Tomorrow I’ll lead my first set of tutorials. In history, a tutorial (aka a conference session at Concordia) is dedicated mostly to discussing primary sources and teaching students how to read critically and how to get their points across. If done properly, I see it as also a venue where the students will learn most of the skills we expect of history students – the ability to write a variety of assignments based on secondary or primary sources and to question those sources with good analytical skills.

Teaching was precisely what first attracted me into a degree in history. Ironically, however, my career so far has been heavily focused on research and I have had no opportunity to teach so far. It’s only now, in my fifth year, that I’m finally getting to do what I came here to do: to teach university students. Although I haven’t taught, I’ve certainly never stopped thinking and preparing myself. I have taken a number of teaching workshops, I have had endless discussions with colleagues and professors about their teaching experiences, I have even helped organize a series of teaching history workshops in my department. But now the time of truth approaches: tomorrow at 9AM I’ll hold my first tutorial. I hope it goes well… I’ll come back and tell you about it…

Update…

Well, it’s done. I had two tutorials this morning, one from 9-10 and another from 10-11.  Both of them were great! From the 19 students that showed up today, only one hadn’t done the readings . I guess things will change once the semester gets busier and they start having midterms in other classes. It was a very good introduction to teaching since both groups were made mostly of good, eager students. I still need to work on my general pacing – parts of the first tutorial went a little faster than I anticipated – but I can say that I got every single student to participate today. So I think I fulfilled my duty 😉 I’m curious to see what the groups I’ll have on thursday are like…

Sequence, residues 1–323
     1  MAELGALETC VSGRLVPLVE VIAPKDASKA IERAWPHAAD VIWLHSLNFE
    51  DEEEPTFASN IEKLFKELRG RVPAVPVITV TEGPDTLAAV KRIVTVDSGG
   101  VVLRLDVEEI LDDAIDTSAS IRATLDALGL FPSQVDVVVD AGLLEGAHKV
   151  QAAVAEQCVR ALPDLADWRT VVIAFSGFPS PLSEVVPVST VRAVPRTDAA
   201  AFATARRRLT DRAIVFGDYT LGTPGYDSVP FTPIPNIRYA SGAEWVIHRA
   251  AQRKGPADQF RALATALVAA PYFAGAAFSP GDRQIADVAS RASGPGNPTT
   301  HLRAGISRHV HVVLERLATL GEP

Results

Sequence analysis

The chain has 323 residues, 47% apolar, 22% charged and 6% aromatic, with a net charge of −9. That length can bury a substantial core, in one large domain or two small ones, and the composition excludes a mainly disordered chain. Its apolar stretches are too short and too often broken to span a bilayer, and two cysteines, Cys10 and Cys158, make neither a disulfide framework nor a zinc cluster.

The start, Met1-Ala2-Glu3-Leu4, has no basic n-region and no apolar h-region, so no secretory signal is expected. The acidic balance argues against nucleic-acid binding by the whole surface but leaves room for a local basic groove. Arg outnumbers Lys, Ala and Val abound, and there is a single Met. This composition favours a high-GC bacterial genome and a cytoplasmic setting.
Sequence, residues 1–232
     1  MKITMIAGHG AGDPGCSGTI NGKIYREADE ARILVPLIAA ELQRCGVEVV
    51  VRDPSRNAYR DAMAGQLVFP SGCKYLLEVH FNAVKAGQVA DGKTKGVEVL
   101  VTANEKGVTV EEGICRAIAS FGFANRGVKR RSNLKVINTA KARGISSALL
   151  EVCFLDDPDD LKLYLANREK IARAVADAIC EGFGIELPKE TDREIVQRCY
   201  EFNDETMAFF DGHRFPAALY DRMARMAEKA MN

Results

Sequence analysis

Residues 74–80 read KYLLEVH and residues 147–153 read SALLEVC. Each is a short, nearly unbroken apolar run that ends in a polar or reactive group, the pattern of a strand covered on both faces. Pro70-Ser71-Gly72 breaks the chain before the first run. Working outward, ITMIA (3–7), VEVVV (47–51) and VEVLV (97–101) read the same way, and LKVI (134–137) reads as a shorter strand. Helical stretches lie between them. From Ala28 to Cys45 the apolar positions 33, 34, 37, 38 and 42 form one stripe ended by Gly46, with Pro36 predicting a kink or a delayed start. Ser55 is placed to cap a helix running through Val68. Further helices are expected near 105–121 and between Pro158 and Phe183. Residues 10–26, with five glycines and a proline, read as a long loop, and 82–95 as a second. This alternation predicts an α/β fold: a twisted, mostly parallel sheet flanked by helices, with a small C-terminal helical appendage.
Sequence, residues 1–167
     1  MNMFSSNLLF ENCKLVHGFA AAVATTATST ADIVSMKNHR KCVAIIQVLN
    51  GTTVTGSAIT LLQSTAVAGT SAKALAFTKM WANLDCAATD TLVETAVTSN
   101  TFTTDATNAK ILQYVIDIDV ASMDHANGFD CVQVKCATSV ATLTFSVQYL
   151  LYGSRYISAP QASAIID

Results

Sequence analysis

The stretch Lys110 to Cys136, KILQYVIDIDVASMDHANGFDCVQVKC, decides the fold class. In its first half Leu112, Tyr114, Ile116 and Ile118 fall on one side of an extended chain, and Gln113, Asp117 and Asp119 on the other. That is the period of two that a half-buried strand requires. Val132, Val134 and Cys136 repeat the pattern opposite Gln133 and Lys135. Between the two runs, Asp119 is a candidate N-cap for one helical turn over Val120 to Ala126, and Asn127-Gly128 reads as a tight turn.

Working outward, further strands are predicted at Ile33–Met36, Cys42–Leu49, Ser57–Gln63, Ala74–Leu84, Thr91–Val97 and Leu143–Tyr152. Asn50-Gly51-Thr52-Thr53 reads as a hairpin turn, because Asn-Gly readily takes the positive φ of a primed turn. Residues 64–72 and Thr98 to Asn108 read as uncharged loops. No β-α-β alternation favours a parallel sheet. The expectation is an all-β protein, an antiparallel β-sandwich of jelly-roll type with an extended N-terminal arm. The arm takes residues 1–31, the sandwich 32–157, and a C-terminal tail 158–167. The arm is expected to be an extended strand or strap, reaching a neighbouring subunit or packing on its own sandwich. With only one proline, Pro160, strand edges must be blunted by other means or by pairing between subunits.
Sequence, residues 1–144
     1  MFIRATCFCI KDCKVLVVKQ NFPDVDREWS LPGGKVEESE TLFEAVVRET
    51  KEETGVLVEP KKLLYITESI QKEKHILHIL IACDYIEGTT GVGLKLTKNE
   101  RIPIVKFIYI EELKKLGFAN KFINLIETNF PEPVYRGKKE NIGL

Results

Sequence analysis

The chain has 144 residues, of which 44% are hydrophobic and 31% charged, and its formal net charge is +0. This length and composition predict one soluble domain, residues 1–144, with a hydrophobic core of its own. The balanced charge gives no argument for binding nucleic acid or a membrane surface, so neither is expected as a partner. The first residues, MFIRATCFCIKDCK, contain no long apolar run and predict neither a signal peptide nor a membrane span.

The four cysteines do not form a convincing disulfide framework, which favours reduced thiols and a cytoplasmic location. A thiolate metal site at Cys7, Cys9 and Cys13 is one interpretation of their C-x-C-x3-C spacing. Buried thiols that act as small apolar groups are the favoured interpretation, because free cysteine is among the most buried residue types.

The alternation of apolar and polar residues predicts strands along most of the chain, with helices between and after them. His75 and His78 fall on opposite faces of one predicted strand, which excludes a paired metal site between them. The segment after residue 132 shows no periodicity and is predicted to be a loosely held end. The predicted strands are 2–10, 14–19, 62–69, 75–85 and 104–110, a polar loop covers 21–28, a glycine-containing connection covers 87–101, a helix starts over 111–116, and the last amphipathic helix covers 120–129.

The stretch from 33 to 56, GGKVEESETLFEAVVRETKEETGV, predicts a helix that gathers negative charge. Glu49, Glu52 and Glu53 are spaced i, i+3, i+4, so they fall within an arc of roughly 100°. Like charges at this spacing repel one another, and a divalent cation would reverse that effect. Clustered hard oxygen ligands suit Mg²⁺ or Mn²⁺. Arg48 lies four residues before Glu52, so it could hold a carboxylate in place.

It’s been a month since I moved back to Toronto and I’m still not quite into working mode yet. I need to get back into reading my sources and jotting down ideas and outlines. I just haven’t been able to make myself do that yet. I’m still putting away the thousands of photocopies I brought back from Spain and getting a little afraid of the next stage… I did have one breakthrough – I got ideas for at least four (possibly five) chapters! Two I’m not looking forward to since they’ll be boring to write but necessary. The other two should be very interesting so I think I’ll start with the interesting ones to get the ball rolling 😉 Anyways, these ideas just came to me as I sat in a café the other day… love when that happens…

Some interesting links:

Web tools for students.

Using a blog as a course website.

This discussion was in the Globe and Mail this past saturday. I don’t know how long the Globe will maintain it online, so I made a pdf copy for you here:Should we can Canadian history?. I’m still agast at the first piece in the discussion – I didn’t think anybody still spoke out loud about history as a western-led progress, the “advancement of civilization” led by our male, white, European forefathers. I think my eyebrows glued to my hairline at that… How can someone even suggest that “music, science and political philosophy are all largely Western achievements”???

One thing from the article that I found VERY interesting and that wasn’t reproduced in the online version is what students are expected to walk out of school with, if they take all their history courses. This is according to Ken Osborne, a professor emeritus at the University of Manitoba, who has spent his career training history teachers. Here is his list of the core points:

  • Canada has a long aboriginal history predating Europeans’ arrival and aboriginal peoples occupy a key place in our history
  • Canada was once a colony of France, then of Britain – and French-English duality is a defining characteristic of the country
  • Bilingualism, multiculturalism, regional diversity, federalism and parliamentary democracy are defining characteristics of Canada